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Okay, think we're good. I also think there was an unspoken rule that Witney and I were going to focus on character actors working today, but the late, incredible actor Vincent Schiavelli remains a lifelong favorite and I wanted to talk about him anyway. Like many of the great supporting actors, Schiavelli has one particular fan-favorite performance: in this case, the irate subway spectre from Jerry Zucker’s unbelievably popular supernatural romance Ghost. In that role his unusual appearance – his face appears at once gaunt and thick, with eyes that can intimidate and invite compassion in equal measure – gave way to both eerie frights and, later, a haunting aura of tragic experience. Schiavelli appeared in 155 titles over his almost 30 year career. He regularly collaborated with Milos Forman on such films as One Flew Over the Cuckoo’s Nest, Amadeus (the first film I ever saw in a theater) and The People vs. Larry Flynt. He played the hilariously popular high school teacher Mr. Kerber in Better Off Dead. He was the instantly intimidating torture expect in Tomorrow Never Dies. He was a treasure in every film.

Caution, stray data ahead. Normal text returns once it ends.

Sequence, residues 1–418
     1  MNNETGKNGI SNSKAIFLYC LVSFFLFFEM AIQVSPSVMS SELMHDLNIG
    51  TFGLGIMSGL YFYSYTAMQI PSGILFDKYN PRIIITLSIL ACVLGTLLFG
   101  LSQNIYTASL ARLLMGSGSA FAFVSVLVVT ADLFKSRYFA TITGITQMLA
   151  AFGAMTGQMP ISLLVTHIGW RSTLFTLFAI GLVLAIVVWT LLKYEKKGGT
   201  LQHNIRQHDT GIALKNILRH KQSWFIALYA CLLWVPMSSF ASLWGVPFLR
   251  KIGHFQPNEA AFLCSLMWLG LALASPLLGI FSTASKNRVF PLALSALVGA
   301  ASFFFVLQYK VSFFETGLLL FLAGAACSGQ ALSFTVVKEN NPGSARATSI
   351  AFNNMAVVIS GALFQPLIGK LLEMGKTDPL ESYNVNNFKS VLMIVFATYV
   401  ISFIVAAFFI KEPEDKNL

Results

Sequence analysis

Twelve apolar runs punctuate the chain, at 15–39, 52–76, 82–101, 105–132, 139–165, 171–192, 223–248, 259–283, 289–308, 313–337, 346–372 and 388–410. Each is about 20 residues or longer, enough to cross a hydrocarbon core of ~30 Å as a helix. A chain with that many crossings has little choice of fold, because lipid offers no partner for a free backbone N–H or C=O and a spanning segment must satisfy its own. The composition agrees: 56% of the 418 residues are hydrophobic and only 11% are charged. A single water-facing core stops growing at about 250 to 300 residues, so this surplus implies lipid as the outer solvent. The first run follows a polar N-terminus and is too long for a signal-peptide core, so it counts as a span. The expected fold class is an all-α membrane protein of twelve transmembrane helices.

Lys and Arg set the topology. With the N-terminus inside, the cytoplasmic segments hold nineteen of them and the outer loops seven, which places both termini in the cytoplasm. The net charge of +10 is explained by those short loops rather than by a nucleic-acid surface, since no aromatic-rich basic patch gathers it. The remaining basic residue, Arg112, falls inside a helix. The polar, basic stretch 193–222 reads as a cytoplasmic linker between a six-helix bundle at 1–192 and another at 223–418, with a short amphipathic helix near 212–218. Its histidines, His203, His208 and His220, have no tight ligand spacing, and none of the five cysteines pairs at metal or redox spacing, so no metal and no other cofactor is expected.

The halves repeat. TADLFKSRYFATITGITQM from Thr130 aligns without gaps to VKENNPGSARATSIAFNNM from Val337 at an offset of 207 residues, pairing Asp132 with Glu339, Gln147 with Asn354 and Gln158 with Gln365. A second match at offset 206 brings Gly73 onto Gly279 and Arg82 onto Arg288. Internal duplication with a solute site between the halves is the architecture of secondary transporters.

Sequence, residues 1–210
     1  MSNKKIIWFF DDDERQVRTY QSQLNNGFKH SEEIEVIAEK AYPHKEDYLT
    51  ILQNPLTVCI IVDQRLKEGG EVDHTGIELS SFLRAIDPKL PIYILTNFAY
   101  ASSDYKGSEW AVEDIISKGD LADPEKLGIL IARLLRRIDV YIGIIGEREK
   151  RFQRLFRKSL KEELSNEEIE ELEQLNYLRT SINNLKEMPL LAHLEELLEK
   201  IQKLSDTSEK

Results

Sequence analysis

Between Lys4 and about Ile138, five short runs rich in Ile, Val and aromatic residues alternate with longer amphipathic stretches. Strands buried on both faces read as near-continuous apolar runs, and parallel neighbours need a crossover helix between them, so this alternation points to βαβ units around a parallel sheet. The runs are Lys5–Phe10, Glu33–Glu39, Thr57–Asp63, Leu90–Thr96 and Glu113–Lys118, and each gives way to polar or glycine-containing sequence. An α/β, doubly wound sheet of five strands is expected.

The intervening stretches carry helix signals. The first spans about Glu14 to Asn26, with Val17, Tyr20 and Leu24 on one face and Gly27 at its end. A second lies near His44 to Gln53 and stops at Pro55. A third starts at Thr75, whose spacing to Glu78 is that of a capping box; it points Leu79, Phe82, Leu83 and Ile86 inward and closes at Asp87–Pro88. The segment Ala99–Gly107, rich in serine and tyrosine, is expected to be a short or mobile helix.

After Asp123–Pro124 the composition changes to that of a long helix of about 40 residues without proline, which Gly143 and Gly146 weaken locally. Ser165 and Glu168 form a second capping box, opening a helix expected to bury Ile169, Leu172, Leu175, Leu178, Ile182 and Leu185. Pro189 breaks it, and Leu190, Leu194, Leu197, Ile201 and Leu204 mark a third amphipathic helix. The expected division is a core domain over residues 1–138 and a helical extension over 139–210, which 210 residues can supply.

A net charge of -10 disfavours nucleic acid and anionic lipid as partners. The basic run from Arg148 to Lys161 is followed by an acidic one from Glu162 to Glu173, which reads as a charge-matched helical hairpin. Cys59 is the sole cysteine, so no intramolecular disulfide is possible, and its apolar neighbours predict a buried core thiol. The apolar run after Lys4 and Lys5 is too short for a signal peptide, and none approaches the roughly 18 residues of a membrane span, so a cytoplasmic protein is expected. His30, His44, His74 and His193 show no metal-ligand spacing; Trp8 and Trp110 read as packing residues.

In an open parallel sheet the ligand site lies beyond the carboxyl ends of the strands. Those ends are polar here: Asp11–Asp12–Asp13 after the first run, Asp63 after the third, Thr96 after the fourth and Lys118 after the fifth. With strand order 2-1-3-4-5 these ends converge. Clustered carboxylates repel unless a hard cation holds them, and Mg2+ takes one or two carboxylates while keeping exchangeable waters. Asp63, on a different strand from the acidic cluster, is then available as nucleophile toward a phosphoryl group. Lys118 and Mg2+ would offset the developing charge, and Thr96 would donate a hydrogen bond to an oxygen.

My first introduction to the unforgettable work of Pruitt Taylor Vince was from his Emmy-winning performance as Clifford Banks in the classic but under-seen television series Murder One. In that story arc, Vince played an endlessly sad sack accused murderer with the shiftiest eyes I’d ever seen. I would later learn that this wonderful actor’s trademark eye movements are actually a symptom of nystagmus, which cause his eyes to twitch involuntarily. Such a thing might have been a detriment to a lesser actor, since the eyes are of course one of the most valuable weapons in any actor’s arsenal, but Vince uses them to his advantage, and they are, depending on his role, a sign of menace, fear, uncertainty, vulnerability and much, muc more. Vince had his biggest role as the overweight hero of James Mangold’s debut feature Heavy, in which his unhappy character finds a kind of hope in his affection for a beautiful waitress (Liv Tyler) at his mother’s restaurant. He’s always an actor to watch and enjoy, in films ranging from Wild at Heart to Mumford, from Beautiful Girls to Mississippi Burning, from Nobody’s Fool to Angel Heart, and on television series like The Mentalist and Deadwood.